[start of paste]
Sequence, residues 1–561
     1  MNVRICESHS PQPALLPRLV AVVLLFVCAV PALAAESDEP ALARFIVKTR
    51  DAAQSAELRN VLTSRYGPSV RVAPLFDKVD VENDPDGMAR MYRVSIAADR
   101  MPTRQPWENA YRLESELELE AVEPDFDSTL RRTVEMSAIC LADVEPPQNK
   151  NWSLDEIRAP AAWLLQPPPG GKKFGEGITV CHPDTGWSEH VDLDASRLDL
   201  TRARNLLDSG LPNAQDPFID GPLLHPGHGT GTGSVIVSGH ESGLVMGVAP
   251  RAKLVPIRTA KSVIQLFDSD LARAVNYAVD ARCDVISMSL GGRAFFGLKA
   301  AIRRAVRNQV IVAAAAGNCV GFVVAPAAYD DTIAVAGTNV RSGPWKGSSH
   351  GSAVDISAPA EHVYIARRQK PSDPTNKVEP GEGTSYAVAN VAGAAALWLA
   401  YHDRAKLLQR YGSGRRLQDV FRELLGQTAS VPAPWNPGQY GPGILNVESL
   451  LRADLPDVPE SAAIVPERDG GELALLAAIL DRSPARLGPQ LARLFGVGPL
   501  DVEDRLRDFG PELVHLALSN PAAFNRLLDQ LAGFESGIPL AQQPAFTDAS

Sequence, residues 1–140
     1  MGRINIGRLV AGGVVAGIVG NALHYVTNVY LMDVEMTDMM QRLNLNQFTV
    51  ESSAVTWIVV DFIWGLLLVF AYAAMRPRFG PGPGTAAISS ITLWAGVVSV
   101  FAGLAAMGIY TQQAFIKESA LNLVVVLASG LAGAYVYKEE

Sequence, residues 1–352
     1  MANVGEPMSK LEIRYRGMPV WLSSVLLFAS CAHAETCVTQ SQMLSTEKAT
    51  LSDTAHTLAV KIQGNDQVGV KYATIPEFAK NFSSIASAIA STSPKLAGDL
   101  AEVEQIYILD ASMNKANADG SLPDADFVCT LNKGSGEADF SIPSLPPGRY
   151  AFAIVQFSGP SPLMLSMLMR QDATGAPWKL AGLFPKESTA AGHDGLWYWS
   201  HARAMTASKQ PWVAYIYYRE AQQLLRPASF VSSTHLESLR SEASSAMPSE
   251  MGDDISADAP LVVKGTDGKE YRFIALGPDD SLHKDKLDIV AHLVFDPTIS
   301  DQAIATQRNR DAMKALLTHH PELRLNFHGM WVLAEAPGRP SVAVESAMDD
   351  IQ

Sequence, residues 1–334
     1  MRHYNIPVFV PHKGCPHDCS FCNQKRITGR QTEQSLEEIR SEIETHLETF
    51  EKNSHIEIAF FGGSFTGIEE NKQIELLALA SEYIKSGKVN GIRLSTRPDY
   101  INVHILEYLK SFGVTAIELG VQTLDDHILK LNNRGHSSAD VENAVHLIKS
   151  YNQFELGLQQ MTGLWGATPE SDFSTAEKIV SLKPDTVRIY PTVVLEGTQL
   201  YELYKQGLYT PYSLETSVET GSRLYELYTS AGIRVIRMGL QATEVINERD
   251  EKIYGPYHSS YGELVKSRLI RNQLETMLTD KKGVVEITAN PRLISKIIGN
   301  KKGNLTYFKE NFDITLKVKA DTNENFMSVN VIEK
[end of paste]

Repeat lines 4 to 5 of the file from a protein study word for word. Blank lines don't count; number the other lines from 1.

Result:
   101  MPTRQPWENA YRLESELELE AVEPDFDSTL RRTVEMSAIC LADVEPPQNK
   151  NWSLDEIRAP AAWLLQPPPG GKKFGEGITV CHPDTGWSEH VDLDASRLDL